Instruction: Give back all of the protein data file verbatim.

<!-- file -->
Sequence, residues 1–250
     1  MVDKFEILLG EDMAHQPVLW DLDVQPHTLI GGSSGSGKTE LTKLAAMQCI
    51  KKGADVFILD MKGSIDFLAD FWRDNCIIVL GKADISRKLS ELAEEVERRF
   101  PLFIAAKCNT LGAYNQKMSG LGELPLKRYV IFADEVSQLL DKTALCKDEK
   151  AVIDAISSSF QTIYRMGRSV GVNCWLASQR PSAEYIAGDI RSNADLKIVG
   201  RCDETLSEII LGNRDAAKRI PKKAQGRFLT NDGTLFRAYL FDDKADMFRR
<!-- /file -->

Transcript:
Sequence, residues 1–250
     1  MVDKFEILLG EDMAHQPVLW DLDVQPHTLI GGSSGSGKTE LTKLAAMQCI
    51  KKGADVFILD MKGSIDFLAD FWRDNCIIVL GKADISRKLS ELAEEVERRF
   101  PLFIAAKCNT LGAYNQKMSG LGELPLKRYV IFADEVSQLL DKTALCKDEK
   151  AVIDAISSSF QTIYRMGRSV GVNCWLASQR PSAEYIAGDI RSNADLKIVG
   201  RCDETLSEII LGNRDAAKRI PKKAQGRFLT NDGTLFRAYL FDDKADMFRR